Sequencing Mothers (Regaining Your Career After Staying Home To Manage The Family)
Regaining Your Career After Staying Home To Manage The Family
Written By: Terry Harris
Sequencing: The fluid work pattern which occurs over a number of years and at various stages of motherhood in which mothers move in and out of paid employment and/or opt for a variety of flexible work arrangements in order to successfully balance their work and family responsibilities.
Regaining your professional career after staying home to raise a family presents an often frustrating challenge for the stay at home mom. The truth is that the longer you are out of the workforce, the harder it is to sell yourself and your abilities in such a way that you can actually get an interview, much less a job.
The Good news is that according to the United States Bureau of Labor Statistics, as of April 2007, 60% of married mothers with pre-school aged children are now back in the workforce.
Repeated labor shortages and periods of high unemployment work in favor of moms returning to the workforce. For the past several years many companies have been starting up programs geared towards the sequencing mother.
But Where do you begin to search for available jobs? How do you regain the self confidence to get your professional life back on track, and most importantly, get offered a job when you have been out of circulation for so long?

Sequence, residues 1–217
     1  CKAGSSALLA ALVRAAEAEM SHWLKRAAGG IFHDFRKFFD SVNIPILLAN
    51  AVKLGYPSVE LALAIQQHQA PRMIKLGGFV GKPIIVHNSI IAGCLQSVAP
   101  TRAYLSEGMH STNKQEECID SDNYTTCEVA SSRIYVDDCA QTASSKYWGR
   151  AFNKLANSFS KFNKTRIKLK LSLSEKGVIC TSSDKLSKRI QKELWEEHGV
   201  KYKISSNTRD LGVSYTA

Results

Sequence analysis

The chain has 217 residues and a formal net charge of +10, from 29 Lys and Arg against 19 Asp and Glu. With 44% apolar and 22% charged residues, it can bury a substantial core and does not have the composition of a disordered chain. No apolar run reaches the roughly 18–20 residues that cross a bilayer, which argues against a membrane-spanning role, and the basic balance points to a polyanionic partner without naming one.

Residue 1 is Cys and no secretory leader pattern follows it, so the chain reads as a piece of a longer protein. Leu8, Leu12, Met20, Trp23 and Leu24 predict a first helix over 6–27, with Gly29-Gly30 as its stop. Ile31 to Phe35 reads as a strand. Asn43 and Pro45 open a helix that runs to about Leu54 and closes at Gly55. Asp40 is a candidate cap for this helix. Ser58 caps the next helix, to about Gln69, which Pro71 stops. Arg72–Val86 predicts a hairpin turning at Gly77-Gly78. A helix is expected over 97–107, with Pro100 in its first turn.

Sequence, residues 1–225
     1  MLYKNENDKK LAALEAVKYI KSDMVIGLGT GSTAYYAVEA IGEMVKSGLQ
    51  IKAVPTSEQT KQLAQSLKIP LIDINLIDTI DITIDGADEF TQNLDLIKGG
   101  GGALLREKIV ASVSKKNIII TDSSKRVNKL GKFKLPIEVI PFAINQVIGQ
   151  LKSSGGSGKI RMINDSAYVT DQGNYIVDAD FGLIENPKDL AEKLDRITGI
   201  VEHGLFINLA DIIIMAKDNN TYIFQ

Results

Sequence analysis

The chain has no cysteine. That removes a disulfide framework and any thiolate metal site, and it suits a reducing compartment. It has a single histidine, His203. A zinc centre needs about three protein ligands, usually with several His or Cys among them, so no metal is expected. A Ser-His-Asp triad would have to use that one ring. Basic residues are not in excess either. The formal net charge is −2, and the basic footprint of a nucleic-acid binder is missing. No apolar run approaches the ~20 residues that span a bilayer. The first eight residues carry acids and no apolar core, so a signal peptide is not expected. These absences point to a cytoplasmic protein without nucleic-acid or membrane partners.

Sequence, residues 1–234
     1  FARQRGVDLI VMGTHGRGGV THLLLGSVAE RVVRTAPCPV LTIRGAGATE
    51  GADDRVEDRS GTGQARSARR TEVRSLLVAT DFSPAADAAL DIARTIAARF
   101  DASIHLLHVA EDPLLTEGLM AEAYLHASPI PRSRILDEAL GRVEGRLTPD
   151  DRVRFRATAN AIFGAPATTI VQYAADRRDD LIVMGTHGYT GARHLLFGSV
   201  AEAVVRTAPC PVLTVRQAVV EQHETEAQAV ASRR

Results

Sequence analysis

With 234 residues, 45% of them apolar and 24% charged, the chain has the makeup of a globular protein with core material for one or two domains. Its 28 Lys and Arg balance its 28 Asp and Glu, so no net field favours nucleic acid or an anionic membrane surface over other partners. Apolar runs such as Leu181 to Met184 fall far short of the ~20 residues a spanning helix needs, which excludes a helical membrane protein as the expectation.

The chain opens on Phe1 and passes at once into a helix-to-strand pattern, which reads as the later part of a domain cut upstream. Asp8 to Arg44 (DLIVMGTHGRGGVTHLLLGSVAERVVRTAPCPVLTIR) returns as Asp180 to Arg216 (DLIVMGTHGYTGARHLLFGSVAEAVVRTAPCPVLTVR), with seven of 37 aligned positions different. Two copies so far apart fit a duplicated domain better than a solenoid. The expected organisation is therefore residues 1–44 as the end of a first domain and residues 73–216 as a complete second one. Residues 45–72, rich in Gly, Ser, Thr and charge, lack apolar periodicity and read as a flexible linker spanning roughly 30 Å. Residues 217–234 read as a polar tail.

Networking is an important step in the sequencing mothers list of preparations for regaining her career. Seventy-eight percent of employers use employee referrals as their primary method of recruitment. Once you have made the decision to return to work you should start discussing your decision with anyone who will listen. You never know who may have a lead, or may have heard of an available position through the grapevine. Get in touch with old work buddies or coworkers and do lunch. If you belong to some sort of Mommy & Me group begin discussions with other mothers about their plans to return to the workforce, or start a blog on the Mommy & Me website where you can share information, personal stories, and tips about the job market. Join clubs and attend alumni events. Many of these organizations have online newsletters, communities, and job boards. Another really great source of information is job fairs and expos. Even if you don’t walk away with the job leads you were hoping for, job fairs and expos will give you the opportunity to ask questions and to get a feel for what companies are looking for these days. Use job fairs and expos as an opportunity to work on your interviewing skills by engaging in conversation with the people working the booths.